Johannesburg, South Africa, June 27, 2014 --(PR.com
)-- What: Notable scholars from around the globe, including an activist imprisoned with Nelson Mandela, will discuss a world without racism as they take part in the “Archives of the Non-Racial: A Mobile Workshop in South Africa” this summer, delivering public lectures on global race issues. Sponsored by the University of California Humanities Research Institute (UCHRI) and the University of the Witwatersrand, WITS Institute for Social and Economic Research, with support from the John Hope Franklin Humanities Institute at Duke University and Goethe Institut, Johannesburg, the workshop will feature public lectures, exhibits, entertainment and conversations at historically significant South African sites, marking the late Nelson Mandela’s struggle against apartheid. The public lectures are free and open to all.
When/Where: June 29-July 11, 2014 in Johannesburg, Mbabane, Durban, Ginsberg and Cape Town, South Africa
Why: “We’re starting in Johannesburg as it is the site of significant anti-apartheid resistance,” said David Theo Goldberg, UC Humanities Research Institute director and a leading expert on race and racism. “What’s driving this workshop is thinking about what society might look like without race, but not assuming that the history of race never happened. Significant racial characterization remains in all parts of the world. Given the history of racism, how do you think about a future unbounded by its pernicious conditions and what are the resources that we have to think about that set of questions? South Africa is obviously a compelling site for all it’s been through and where it is at the moment. And, so, the premise of the mobility of the workshop is to travel through these sites of anti-apartheid resistance in order to draw on those historical resources and the sensibility of the place, to think about key issues of race and racism, their legacies and a just future.”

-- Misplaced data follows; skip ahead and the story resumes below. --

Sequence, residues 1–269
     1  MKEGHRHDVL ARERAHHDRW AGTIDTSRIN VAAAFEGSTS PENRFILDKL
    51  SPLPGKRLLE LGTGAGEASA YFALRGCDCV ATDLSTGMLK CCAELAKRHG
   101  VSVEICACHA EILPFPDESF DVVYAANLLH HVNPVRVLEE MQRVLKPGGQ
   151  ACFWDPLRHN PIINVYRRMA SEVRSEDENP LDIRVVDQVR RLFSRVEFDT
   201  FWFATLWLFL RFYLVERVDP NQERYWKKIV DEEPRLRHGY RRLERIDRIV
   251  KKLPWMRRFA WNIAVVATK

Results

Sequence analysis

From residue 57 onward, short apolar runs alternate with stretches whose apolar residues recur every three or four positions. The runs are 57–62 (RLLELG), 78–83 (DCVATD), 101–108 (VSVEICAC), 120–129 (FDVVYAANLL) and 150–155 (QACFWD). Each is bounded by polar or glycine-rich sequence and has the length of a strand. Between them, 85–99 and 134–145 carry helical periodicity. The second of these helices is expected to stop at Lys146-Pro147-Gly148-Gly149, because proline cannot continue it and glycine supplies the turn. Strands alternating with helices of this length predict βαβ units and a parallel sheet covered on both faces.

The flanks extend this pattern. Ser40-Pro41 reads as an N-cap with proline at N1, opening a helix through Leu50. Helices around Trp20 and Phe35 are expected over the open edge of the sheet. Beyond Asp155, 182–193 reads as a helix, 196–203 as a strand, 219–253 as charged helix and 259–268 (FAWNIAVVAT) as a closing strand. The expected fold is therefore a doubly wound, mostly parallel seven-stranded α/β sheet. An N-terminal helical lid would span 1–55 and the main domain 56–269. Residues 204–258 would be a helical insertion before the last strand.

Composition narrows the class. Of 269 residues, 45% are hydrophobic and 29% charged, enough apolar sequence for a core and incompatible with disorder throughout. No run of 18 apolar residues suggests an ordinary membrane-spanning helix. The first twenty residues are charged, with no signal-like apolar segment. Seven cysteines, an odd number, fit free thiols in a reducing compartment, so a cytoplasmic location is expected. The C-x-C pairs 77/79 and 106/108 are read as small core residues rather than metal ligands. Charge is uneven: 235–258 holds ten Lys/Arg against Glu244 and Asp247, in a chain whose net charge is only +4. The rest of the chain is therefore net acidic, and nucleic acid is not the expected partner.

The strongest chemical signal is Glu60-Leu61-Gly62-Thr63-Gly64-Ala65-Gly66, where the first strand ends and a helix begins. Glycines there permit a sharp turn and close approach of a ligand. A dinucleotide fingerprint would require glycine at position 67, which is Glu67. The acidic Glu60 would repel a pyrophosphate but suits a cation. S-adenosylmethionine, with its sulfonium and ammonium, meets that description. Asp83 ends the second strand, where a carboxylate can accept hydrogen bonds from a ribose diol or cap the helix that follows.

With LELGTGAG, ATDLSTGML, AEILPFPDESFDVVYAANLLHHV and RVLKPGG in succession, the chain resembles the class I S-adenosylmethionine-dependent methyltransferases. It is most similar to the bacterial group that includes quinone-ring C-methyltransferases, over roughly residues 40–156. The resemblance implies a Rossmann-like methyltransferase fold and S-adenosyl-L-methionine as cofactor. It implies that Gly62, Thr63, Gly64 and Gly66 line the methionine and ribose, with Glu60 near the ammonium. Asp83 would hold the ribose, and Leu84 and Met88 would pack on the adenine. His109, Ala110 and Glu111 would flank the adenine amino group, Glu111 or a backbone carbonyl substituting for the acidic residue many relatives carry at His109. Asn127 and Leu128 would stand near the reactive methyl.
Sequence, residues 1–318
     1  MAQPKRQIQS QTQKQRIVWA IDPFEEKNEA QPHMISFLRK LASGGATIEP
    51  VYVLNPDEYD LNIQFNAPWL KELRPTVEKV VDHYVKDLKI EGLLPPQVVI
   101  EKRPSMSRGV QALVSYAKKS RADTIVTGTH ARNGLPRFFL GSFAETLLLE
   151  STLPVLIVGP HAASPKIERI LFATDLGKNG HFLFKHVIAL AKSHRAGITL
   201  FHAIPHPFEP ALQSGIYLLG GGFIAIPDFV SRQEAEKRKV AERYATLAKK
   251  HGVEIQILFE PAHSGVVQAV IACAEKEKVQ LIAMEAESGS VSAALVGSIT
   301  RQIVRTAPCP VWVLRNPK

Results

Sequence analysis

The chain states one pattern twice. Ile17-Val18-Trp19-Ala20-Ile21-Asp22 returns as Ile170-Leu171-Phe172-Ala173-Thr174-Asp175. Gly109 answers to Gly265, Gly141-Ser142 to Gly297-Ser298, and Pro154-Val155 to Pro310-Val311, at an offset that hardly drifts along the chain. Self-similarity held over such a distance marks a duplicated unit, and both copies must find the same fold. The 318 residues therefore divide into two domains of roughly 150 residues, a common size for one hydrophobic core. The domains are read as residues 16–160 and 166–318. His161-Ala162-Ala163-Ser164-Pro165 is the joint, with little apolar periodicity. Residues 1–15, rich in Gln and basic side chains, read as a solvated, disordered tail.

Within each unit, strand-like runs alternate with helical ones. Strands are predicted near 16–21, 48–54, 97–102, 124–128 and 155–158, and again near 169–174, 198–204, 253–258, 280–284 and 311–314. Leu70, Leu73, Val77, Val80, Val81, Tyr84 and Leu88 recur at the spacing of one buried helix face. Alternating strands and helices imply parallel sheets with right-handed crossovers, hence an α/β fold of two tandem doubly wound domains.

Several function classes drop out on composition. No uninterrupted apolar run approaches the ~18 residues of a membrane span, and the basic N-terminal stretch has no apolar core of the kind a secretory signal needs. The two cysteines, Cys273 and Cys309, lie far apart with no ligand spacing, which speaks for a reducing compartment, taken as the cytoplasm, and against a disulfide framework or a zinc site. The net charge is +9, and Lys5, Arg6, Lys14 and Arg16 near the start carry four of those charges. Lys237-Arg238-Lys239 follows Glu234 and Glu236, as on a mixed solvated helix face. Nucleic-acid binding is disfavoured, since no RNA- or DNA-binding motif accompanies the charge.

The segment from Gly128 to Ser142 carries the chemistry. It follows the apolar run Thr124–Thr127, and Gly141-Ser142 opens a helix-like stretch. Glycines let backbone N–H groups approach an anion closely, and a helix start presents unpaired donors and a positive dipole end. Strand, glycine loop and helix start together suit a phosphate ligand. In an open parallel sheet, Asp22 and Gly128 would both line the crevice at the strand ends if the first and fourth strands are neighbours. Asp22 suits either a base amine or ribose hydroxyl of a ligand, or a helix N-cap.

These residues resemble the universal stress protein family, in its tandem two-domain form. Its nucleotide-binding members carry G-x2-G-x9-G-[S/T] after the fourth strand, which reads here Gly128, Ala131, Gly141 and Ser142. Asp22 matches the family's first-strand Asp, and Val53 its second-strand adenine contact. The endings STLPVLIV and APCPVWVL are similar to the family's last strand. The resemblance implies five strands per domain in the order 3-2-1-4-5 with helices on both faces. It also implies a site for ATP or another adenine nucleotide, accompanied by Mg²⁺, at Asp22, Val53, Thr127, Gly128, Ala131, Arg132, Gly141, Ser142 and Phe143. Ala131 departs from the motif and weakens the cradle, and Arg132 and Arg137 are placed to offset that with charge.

Public Lecture Highlights:
June 29: “History of Non-Racialism in South Africa” will be presented with Ahmed
Kathrada, South African politician, anti-apartheid activist and former political prisoner, in conversation with Achille Mbembe, political science professor at the University of the Witwatersrand.
June 30: “Can the Subaltern Genome Code? Rethinking Race, Science, and Subjectivity” by Ruha Benjamin, assistant professor of sociology and African American studies at Boston University; and “Histories of Anti-Racism: Commemorating Stuart Hall” by David Theo Goldberg.
July 2: “Strange Fruits: Bananas, Racism, Sex and Capitalism” by Françoise Vergès,
Consulting Professor at the Center for Cultural Studies, Goldsmiths College, University of London, and president of the Comité pour la Mémoire et l’Histoire de l’Esclavage in France.
July 4: “Race, Class and the Significance of Durban” by Ashwin Desai, Alex
Lichtenstein, and Riason Naidoo
July 7: “The Trouble with Non-Racialism” by Kelly Gillespie, senior anthropology
lecturer at the University of the Witwatersrand.
July 9: “Dutch Racism” by author Philomena Essed, with a response from Gina Dent, UC Santa Cruz associate professor of feminist studies.
July 10: “Anti-Racism: Transnational Solidarities” by activist-author-scholar Angela Y. Davis, UC Santa Cruz professor emerita of feminist studies.
Complete Workshop Schedule:
More Information: http://jwtc.org.za
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